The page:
Anyway, I've come up with a cunning plan for the two remaining rooms which need stripping. Well, not so much stripping as preparing. It may be slow, but it will be thorough and clean (er).
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Re: Mike's extension & renovation (Mega update 2)

Postby Mike G » 30 Apr 2018, 08:32

For the sake of continuity I presented things slightly out of order. Order on a building site being somewhat more chaotic than one might expect. Let me return to drains for a second.

I installed two soil pipes. The most complex one is in the cupboard in the adjacent bedroom 2 (see the drawing):

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From the floor up this has the toilet waste (large pipe, 90 degree bend with rodding eye), then the handbasin waste (small white pipe on the right), then an air admittance valve (Dirgo/ Durgo.....not sure of the spelling) as this isn't the head of the run. That soil pipe drops through the downstairs loo, below, where the bath waste drops down to join into it:

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The other soil pipe takes only the shower, and drops down in the corner of the dining room:

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After installing that latter stack I did the boxing behind the shower which was to hide the pipes:

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This drain connection (shower to stack) was the shortest of any drain run, and the most complex. Well, not so much complex as "how do we make this work?". We were having a very specific shower base shape (a quadrant, which is a square shower with one of the corners radiused), and they are only available with the waste in a couple of locations. I looked at hundreds. Unfortunately, those locations were all the wrong side of a joist in the floor, or were too close to it and fouled it. This meant that is wasn't possible to have a tray at floor level. Really disappointing. We had to have a raised tray instead:

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Looks easy, huh? There is an inch drop from the boxing at the back to the front edge of the tray, so each piece had to be scribed, taken out to the workshop and cut out on the bandsaw, offered up, checked, and adjusted if necessary. My little block plane got a lot of use.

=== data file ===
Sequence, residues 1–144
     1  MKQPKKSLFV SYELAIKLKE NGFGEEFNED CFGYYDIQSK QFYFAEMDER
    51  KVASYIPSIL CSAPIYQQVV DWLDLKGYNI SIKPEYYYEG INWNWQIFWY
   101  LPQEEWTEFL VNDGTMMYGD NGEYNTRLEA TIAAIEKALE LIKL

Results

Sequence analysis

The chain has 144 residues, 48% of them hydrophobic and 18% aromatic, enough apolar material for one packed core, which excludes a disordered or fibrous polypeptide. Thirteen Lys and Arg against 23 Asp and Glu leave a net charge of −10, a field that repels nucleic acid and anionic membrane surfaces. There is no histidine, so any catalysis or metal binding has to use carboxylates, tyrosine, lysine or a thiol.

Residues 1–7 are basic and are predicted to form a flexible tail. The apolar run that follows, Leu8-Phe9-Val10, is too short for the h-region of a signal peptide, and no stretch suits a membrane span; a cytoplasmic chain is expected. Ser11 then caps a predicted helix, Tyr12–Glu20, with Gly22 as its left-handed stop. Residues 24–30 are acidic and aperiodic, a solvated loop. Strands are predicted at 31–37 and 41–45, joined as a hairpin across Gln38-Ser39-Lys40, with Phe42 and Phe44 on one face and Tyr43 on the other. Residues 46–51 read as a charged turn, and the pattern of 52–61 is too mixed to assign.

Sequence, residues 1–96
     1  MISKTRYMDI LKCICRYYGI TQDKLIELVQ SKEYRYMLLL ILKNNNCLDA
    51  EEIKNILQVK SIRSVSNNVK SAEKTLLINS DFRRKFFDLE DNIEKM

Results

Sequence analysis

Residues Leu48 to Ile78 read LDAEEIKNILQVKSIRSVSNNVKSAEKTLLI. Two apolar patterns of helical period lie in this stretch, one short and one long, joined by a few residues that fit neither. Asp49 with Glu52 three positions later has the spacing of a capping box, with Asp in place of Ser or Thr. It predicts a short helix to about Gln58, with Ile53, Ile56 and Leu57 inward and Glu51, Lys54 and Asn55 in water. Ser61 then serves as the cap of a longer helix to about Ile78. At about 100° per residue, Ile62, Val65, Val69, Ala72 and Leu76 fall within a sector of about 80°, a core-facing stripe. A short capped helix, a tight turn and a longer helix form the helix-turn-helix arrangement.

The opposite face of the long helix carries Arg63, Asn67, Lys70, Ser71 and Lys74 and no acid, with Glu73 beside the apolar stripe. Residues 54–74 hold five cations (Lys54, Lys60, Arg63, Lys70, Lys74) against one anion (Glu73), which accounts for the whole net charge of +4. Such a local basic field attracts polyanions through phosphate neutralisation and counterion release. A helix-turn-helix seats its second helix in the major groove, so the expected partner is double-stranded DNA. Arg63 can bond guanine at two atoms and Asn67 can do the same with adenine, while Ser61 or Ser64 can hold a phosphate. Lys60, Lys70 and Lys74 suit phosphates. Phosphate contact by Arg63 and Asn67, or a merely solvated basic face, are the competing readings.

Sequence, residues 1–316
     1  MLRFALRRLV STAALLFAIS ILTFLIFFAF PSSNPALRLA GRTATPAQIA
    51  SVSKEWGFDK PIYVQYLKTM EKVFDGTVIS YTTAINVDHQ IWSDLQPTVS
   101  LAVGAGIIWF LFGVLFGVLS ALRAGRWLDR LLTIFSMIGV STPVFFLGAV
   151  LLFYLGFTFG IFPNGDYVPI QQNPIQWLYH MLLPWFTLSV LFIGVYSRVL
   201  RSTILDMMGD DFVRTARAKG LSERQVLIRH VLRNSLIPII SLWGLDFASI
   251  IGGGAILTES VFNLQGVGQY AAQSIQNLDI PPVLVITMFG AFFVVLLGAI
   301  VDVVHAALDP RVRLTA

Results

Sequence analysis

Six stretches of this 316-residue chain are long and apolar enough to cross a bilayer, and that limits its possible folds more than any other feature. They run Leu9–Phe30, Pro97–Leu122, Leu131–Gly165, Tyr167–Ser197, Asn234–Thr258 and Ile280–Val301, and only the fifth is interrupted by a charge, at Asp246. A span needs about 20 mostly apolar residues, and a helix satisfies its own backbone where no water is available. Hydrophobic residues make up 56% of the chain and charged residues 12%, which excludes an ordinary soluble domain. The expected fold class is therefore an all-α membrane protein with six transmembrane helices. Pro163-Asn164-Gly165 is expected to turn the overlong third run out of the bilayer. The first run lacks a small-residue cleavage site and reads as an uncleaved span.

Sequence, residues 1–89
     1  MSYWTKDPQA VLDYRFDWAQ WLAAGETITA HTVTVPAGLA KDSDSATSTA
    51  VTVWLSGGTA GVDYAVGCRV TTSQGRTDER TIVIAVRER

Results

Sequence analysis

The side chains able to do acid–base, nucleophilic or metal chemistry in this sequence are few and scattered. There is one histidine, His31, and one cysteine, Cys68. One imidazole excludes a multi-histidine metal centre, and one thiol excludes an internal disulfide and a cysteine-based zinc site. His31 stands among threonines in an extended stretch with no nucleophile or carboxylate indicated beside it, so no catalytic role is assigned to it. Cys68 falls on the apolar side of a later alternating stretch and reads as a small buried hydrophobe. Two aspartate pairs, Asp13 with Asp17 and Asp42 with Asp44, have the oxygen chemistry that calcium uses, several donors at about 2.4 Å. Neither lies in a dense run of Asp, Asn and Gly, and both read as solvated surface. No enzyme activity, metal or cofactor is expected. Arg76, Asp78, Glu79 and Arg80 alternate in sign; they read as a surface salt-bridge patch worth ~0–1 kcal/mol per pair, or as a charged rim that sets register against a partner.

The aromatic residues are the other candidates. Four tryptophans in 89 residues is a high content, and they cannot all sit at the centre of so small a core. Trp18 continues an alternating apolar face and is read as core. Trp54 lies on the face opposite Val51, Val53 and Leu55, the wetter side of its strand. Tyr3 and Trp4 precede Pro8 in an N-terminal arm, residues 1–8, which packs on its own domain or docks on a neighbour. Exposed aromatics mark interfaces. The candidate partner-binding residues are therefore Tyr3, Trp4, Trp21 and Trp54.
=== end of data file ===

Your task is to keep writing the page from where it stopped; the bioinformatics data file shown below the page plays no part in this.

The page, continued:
I glued & screwed some MR t&g chipboard flooring over that, then laid a bed of mortar:

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And then lowered the shower tray into position. That's easier said than done, as it is very heavy, and you can't stand on the mortar. Anyway:

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Next, the floor. unfortunately, I didn't take a "before" photo. You'll just have to imagine what it was like after 3 or 4 days of plastering, mixing mortar, and so on. These are the nearest to before photos I've got, taken after I had scraped with a 4" paint scraper, vacuumed, and sponged down a couple of times:

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I just cleaned and clean and cleaned. In the end I scrubbed it at least 6 times, including a couple of times with sugar soap, which was really effective. I also used a scraper and a chisel sharpened to a hook (to use as a scraper), to haul off huge amounts of carpet clue, paint, plaster, and various unidentifiable splodges:

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My scraper is from a scraper plane I made years back. The bradawl was for cleaning out holes and gaps between boards. The wire brush is copper, so soft, but firm enough to get accreted crap out without raising the grain.